Alone … can you be alone? Clear your mind and take a minute to think about that word and what it means to you. Do you feel a sense of relief or freedom? Are you fantasizing about what you want to do, what book you’ll read or how late you’ll stay in bed? Or does the word make your chest tight, your heart beat faster and your palms sweat?
I talk to many people who are so afraid to be alone that they stay in unfulfilling, unhappy or even abusive relationships. They are mistaking need for want. These are women from all walks of life – those with big careers and great paychecks, those who work 9-5 and barely make ends meet and those who are stay-at-home moms. It doesn’t matter who you are; we all go through times and relationships when the fear of being alone drives us to walk a fine line between want and need.
Wanting someone is the positive side of the relationship – you want him because he makes you feel good in some way, he fulfills some desire you have, and he makes your knees weak.
“Need”, on the other hand, is want gone bad – need is desperate, lonely and often times leaves you feeling empty when you can’t have him. People in general can quickly pick up on your need; it’s instinctual and puts the person needed in a very powerful position. Your partner feels safe knowing that you are willing to tolerate almost anything in order to have him in your life. The balance slips away from the relationship and you find yourself at the bottom of a hole trying to climb out. You will never give enough or be enough to please the person you need.
Once you are in a needs-based relationship, it is a struggle to fix it or to get out. “Love” often becomes an addiction, and addicts often can’t break away from a suffocating hold. However, there is hope as long as the person you need isn’t attempting to control you, and isn’t using your need to their advantage or in a malicious way.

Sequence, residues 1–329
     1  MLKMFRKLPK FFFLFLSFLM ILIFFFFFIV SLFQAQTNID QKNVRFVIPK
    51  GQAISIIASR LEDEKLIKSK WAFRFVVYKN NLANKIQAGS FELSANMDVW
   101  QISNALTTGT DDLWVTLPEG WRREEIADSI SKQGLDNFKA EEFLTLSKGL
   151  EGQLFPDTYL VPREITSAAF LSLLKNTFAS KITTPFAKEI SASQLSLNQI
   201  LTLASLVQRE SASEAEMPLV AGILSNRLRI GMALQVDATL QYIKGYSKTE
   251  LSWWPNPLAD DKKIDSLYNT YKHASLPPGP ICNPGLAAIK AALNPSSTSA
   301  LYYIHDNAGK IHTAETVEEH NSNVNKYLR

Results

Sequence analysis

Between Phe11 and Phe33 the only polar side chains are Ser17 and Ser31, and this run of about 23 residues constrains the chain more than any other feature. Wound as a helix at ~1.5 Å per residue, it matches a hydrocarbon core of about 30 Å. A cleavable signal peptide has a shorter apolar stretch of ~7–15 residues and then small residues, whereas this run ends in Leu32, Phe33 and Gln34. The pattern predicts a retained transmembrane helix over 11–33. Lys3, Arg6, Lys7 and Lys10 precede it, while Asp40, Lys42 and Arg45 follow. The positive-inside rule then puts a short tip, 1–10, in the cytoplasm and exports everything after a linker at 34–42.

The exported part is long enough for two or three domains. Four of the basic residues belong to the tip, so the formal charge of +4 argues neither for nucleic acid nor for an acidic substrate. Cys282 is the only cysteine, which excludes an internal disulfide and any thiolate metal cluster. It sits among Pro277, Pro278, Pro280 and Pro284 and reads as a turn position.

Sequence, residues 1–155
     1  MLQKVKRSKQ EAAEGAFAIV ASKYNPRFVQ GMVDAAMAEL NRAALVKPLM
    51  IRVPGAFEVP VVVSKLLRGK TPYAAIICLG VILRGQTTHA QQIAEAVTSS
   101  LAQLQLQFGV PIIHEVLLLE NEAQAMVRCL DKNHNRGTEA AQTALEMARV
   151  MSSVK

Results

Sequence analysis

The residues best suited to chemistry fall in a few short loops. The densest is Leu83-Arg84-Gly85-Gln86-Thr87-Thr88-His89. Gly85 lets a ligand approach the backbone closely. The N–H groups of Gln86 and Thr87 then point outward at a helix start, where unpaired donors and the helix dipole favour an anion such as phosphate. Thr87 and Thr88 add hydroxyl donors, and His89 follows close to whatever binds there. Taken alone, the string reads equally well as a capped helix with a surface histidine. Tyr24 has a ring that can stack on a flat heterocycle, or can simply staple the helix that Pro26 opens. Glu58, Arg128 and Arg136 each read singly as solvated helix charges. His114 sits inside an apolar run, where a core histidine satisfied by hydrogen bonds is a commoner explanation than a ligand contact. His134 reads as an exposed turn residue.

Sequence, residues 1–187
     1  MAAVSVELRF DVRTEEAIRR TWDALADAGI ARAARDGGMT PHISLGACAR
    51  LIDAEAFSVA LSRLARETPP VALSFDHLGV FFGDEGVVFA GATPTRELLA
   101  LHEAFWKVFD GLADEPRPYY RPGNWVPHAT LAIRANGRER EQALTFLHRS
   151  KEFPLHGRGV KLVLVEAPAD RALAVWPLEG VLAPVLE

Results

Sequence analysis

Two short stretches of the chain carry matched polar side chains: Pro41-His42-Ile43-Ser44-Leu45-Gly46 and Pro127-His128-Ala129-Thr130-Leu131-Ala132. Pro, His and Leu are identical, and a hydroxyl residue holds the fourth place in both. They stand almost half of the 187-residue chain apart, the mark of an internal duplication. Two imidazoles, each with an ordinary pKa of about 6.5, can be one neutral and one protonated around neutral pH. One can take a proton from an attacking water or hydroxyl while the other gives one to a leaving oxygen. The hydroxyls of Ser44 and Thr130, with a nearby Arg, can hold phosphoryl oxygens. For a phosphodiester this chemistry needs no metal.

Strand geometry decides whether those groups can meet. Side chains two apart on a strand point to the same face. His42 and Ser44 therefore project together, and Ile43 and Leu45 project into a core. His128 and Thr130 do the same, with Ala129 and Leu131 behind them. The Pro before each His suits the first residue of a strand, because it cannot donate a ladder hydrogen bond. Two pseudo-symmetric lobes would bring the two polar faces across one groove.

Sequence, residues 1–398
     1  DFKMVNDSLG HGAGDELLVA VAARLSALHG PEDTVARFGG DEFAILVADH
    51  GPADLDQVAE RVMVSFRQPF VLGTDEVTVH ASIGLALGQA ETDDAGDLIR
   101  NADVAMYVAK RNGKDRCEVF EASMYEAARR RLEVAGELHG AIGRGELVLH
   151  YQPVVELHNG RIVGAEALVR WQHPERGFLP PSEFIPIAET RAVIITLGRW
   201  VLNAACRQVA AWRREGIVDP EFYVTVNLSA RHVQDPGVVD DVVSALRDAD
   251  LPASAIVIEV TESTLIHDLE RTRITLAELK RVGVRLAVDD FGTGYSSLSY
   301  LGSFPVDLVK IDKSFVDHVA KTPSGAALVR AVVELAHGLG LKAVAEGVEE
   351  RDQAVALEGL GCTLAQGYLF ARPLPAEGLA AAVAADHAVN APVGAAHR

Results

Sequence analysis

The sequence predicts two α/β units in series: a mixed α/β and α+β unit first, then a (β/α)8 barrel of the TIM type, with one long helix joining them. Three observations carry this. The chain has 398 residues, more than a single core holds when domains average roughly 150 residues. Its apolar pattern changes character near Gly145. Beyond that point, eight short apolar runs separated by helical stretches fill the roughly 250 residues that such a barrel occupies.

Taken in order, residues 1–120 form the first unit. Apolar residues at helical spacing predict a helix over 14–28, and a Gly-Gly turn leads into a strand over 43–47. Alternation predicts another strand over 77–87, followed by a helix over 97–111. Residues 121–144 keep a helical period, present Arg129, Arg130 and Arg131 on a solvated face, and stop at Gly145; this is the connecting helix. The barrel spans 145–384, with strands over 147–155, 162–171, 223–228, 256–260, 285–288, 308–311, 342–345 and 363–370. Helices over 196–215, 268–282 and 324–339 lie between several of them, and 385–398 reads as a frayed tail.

Take the following steps to get back on equal footing:
- Talk with your partner about your wants and needs in the relationship.
- Stick to your guns – establish boundaries about what is acceptable and not acceptable.
- Love in a voluntary and giving way that doesn’t come from desperation.
- Talk to a qualified person who can help you understand and stop the cycle of codependence.
- Find something creative to do with your time that doesn’t involve: a) the person you need, and b) any discussion or thought about the person you need.
If the man in your relationship insists on being needed by constantly trampling on your feelings, hurting you to get even or regularly threatening to leave in order to control you, ya gotta get out sister! He probably thrives in codependent relationships and is prepared to fight any efforts you make to become his equal. Now, you may be laughing to yourself and thinking, “Uh, yeah … I’ll just up and leave.” I know it’s hard, seems impossible and you probably can’t imagine life without him. And that is exactly what he’s hoping – that you won’t imagine your life without him, because guess what? He feels just as desperate about losing you as you feel about losing him.
Again, enlist the help of a supportive professional. If there is abuse involved or you feel like you can’t make it on your own, also reach out to your family or a women’s group (there are lots on the internet), and start making a plan to get out.
You will no longer cringe at the thought of being alone – you will be operating from a place of want – instead of need.